Committee gives budget proposal

Jessica Burke

Citing a need for fiscal responsibility, the Senate Higher Education subcommittee recommended Thursday a budget figure for Minnesota colleges and universities that was less than proposals from the House and the governor.
The subcommittee recommended giving higher education $150 million for building renewal and construction in the next two years. The University would receive $96 million of the funds, which would come from state-issued bonds.
Senate leaders told the subcommittee members to come up with a recommendation that was significantly less than the governor’s, said Sen. LeRoy Stumpf, DFL-Thief River Falls.
“We’re operating under a tight dollar amount,” said Stumpf, the chairman of the subcommittee.
Some subcommittee members expressed concern about the lack of funds for higher education while there is a proposal in the Legislature to provide $100 million to build a new prison.
“In my opinion, it’s disgusting,” said Sen. Steve Murphy, DFL-Red Wing. “We shouldn’t be letting criminals dictate what we do with students.”
The subcommittee’s proposal does not include $6.5 million that the University requested for upgrades in the Academic Health Center or $21 million that Gov. Arne Carlson requested for a new architecture building on the Minneapolis campus.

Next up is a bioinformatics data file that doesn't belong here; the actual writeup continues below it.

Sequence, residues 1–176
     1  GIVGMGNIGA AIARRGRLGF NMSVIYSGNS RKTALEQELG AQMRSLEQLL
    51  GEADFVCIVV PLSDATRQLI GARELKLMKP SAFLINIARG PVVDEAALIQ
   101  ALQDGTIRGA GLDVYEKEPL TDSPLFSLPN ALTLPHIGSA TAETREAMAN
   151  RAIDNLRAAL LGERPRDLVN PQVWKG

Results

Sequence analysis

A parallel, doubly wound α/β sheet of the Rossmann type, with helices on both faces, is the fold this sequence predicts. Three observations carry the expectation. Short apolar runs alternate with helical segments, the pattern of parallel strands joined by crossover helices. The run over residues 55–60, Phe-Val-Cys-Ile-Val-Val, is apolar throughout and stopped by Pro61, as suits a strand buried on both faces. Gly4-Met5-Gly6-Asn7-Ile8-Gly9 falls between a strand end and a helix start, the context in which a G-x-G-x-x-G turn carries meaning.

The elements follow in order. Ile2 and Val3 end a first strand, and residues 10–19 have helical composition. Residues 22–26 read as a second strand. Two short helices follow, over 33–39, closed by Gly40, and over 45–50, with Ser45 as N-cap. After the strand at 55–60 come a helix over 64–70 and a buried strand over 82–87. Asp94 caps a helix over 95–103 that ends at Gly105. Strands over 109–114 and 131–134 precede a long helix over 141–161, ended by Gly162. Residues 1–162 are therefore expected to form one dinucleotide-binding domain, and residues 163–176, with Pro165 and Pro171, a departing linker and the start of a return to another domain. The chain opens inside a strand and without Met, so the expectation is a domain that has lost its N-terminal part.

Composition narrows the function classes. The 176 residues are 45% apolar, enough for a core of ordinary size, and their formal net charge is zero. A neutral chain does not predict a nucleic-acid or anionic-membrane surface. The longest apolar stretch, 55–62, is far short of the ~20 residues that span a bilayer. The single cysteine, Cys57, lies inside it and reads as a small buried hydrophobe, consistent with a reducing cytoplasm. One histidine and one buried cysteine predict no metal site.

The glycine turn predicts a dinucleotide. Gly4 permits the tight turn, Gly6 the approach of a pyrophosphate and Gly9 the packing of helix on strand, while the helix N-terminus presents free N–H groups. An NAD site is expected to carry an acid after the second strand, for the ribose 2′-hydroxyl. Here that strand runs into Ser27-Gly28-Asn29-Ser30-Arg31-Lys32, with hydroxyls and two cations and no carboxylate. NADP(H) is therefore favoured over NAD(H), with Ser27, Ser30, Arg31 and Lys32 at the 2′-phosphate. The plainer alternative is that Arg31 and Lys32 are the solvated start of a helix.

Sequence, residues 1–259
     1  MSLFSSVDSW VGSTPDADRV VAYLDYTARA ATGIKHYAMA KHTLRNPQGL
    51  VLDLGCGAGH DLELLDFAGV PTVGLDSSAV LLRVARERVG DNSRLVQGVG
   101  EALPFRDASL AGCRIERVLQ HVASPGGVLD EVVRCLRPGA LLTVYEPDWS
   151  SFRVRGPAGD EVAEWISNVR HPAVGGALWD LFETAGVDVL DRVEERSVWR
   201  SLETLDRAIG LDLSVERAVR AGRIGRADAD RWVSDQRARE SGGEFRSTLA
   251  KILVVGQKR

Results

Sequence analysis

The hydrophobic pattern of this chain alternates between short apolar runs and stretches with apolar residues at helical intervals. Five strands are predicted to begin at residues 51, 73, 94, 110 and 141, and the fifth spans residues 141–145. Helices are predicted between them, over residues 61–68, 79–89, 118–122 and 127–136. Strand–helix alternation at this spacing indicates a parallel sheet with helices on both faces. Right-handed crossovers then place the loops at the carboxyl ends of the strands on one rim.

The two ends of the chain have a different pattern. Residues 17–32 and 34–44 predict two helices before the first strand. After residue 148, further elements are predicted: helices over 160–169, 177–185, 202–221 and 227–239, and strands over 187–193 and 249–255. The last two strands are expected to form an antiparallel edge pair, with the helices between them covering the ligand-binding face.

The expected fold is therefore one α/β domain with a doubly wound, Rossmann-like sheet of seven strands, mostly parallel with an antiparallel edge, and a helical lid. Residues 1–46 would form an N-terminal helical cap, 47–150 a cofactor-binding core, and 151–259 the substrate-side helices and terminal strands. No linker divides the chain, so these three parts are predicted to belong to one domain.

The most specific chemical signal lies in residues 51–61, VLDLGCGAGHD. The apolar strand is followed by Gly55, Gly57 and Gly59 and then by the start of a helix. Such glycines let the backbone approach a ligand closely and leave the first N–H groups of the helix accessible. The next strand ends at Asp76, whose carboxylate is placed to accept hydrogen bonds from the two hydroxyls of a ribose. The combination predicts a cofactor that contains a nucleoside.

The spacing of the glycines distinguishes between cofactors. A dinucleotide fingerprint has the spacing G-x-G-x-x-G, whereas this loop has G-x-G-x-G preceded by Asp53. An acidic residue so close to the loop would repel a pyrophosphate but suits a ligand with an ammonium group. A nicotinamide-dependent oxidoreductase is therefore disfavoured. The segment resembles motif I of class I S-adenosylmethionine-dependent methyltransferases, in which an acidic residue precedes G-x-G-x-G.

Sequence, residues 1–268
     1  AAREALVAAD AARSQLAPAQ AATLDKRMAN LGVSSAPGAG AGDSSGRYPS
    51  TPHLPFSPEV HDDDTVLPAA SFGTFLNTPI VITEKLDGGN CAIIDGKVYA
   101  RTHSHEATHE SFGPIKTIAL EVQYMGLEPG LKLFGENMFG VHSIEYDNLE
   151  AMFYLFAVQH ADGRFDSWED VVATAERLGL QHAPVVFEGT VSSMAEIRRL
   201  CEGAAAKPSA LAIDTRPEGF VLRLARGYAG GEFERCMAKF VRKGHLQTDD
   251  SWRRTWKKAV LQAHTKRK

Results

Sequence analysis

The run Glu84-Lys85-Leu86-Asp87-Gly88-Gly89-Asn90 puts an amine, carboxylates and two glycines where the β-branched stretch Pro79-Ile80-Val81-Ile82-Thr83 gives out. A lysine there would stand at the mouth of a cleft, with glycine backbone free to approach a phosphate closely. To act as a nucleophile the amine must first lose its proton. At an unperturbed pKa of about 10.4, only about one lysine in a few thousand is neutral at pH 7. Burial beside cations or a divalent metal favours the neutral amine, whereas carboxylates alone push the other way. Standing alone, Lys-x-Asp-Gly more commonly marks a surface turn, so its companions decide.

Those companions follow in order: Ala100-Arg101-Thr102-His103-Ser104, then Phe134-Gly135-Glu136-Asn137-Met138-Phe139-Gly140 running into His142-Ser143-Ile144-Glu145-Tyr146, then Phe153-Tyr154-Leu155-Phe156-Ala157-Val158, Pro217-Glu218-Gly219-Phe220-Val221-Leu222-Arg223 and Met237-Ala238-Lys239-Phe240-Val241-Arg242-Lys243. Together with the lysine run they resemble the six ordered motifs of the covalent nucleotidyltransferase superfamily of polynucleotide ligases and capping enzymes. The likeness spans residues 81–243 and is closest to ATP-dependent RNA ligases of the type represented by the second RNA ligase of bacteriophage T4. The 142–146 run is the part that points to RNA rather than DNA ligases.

Sen. Lawrence Pogemiller, DFL-Minneapolis, introduced a section to the recommendation that would give the University the authority to use funds it would gain from a proposed merger between University Hospital and Fairview Health System.
If the merger takes place, the school will sell the University Hospital building and a parking ramp. With the proceeds from that sale, the University could pay off existing bonds from previous projects. Paying those bonds would enable the University to sell its own bonds to pay for a new architecture building, upgrades in the Academic Health Center, or the relocation of a steam heating plant, according to Pogemiller’s section of the recommendation.
But the University could use the proceeds from the sale of the hospital and ramp for any projects — not just those stated in the bill, Stumpf said.
While the bonding recommendation for the University in the Senate is smaller than the governor’s request, the House version is substantially larger.
As the bonding bill now stands in the House, there is $112 million proposed for the University.
The House version of the bonding bill includes funding for the Academic Health Center, and more than $32 million in additional facility renewal funds and health and safety funds.
The Senate version includes $20 million for the construction of a library on the Duluth campus. There are only design funds for the project in the House version.
The Senate Education Committee will hear the bonding recommendations today.